The Pursuit of Happiness

The Gorean Compass is a class given every Thursday by Master Gorm Runo.  Classes are held at the Gorean Campus and are given at noon and 6pm SLT.  All are encouraged to come and join in the amazing discussions.

Tal and greetings,
I am happy to be back here after a week off.   I have been thinking of the word “entitlement” lately, and also of happiness.
Are we entitled to be happy?
Well, one of the definitions of entitlement tells us that it is the belief that one is inherently deserving of privileges or special treatment.
And in the famous Declaration of Independence, it says
We hold these truths to be self-evident, that all men are created equal, that they are endowed by their Creator with certain unalienable Rights, that among these are Life, Liberty and the pursuit of Happiness.
So, the pursuit of happiness is an unalienable right.    But, is happiness itself an unalienable right?
right to be happy
I think there is where our confusion lies, and the words entitlement and happiness connect.  We have a right to pursue it, but we aren’t granted any privileges or special treatment that guarantee we will find it.
In the book, Fighting Slave of Gor, #14 of the series, Jason is talking to a slave girl and decides to tell her about the women of Earth.   Here is the conversation.
“Would you like to tell me about the woman on my world,” I asked, “who are fine and free.”
“Are they happy?” she asked.
“No, ” I said.  “But neither are the men,” I added hastily.
“Surely some men and women on your world must be happy,” she said.
“Some, I suppose,” I said. “I shall hope so.”
There did not seem much point to me to tell her in detail of the broadcast misery on my world, its pettiness and frustrations. If one judges a civilization by the joy and satisfaction of its populations the major civilizations of Earth were surely failures. It is interesting to note the high regard which certain civilizations are held which, from the human point of view, the point of view of human happiness, would appear to be obvious catastrophes.”
Page 112-113  Fighting Slave of Gor
John Norman wrote that 38 years ago.   I have pondered on if that has become another of his remarkable predictions on the direction that Earth was heading.   Is there more broadcast misery on our world right now than true happiness and satisfaction?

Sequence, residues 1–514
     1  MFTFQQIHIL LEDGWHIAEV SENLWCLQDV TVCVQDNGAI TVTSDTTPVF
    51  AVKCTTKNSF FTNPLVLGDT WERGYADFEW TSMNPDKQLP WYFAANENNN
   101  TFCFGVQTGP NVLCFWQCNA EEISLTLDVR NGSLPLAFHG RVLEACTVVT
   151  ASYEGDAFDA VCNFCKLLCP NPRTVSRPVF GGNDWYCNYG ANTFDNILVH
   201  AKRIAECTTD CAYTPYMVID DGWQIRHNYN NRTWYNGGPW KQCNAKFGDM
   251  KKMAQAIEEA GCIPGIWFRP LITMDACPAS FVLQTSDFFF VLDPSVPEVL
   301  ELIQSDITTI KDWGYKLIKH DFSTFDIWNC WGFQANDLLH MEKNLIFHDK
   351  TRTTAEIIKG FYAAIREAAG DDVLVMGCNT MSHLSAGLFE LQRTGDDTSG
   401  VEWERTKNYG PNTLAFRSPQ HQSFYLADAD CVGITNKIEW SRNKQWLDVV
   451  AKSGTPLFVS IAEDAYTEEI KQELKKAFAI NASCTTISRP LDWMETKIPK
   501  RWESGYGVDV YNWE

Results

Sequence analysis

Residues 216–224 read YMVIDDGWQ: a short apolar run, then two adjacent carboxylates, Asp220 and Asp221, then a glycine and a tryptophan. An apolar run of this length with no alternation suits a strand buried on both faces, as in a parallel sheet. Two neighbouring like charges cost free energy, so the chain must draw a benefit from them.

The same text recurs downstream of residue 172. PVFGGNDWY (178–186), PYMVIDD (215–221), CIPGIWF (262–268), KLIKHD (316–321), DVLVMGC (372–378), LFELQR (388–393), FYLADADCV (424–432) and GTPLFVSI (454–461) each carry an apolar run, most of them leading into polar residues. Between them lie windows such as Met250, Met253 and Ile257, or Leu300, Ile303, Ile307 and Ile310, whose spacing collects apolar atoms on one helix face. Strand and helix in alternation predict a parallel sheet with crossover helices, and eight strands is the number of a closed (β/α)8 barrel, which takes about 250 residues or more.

I think so.    I think we have been sliding further and further into a morass that drains our chance of engaging in the “pursuit of happiness.”
And that morass is our sense of entitlement.  Somehow we have come to believe that we do not need to pursue happiness any longer. That it is a privilege and someone else has the responsibility to provide it to you seems to be the idea today.
On my radio show this week, I talked about the early days of Second Life.  I said that most people, calling SL a game, came into it expecting it to be a lot like Mario Brothers or Final Fantasy.   A world had been created by someone else and filled with mushrooms to jump over and dragons to battle, and you just paid your money, jumped over the mushrooms, and slayed the dragons.
What they missed was that SL was a blank and empty platform, and other users (players?) were the ones creating everything and paying for it, too.   But the sense of entitlement is strong in us and we came into SL expecting others to provide our fun and happiness, not realizing we were not going to be given it, but would have to pursue it.
This is at the core of entitlement, in my opinion.   We expect other people to provide our happiness, our security, even our liberty, and are upset and disappointed when they fail to do so.